A data breach broker is selling databases containing user information from 14 different companies that were claimed to have been breached in 2020. When companies are breached, threat actors will typically download accessible databases, including user account records, which are then sold to other threat actors directly or via a data breach broker. Over the past month, a known and reputable data breach broker has been selling several databases on hacker forums that they claimed were acquired in 2020. Each of the 14 databases being sold contains different information, but they all include usernames and hashed passwords. The databases for sale contain information from companies providing services such as game sites, food delivery services, soccer streaming, online fashion, and loans. These breached databases are being sold from $100 to $1100. The companies that were allegedly breached are DarkThrone, Efun, Fluke, Footers, HomeChef, James Delivery, KitchHike, KreditPlus, Minted, Playwings, Revelo, Tokopedia, Yotepresto, and Zoosk. The samples appear to be legitimate, according to BleepingComputer, and are a serious concern because they contain a combined total of 132,957,579 user records that can be used for credential stuffing attacks.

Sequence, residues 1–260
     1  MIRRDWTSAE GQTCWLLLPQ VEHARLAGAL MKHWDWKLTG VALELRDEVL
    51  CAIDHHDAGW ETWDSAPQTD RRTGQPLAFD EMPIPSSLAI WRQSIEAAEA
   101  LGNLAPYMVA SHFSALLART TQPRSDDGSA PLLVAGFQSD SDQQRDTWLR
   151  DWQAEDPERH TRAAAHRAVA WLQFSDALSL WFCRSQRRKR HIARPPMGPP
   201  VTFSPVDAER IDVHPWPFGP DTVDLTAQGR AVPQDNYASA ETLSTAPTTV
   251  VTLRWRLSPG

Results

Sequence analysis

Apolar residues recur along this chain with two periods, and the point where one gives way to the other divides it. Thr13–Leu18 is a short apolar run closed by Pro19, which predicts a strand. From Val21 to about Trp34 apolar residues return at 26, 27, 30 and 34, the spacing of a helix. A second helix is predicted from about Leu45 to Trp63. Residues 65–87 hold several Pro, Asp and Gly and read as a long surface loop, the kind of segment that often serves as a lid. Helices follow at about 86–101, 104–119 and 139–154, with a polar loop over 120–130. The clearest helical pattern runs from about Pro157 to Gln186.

Unfortunately, breaches like these are becoming all too common. Anyone who has an account at any of the services listed above should change their password on that site and any other site that uses the same password. If a work email address was used to create an account on any of these sites with the same or similar password that can be used to remotely log on to work computers, that password should be changed immediately. Attackers often use stolen databases of passwords from third-party breaches to perform “password stuffing” attacks against companies. One method of protecting oneself is to use passwords that are unique to the login and increasingly complex through the use of numbers, uppercase and lowercase letters and special characters. To help with organizing all the different passwords there are a multitude of password managers available that organize and protect credentials. It is suggested that the password manager only keeps your data locally. This way if the company that supports the program is breached, your data will not be included in the breach. Binary Defense provides Counterintelligence services for clients that includes monitoring third-party data breaches and notification of employee accounts involved, so that passwords can be reset quickly after a compromise.
To read more: https://www.bleepingcomputer.com/news/security/seller-floods-hacker-forum-with-data-stolen-from-14-companies/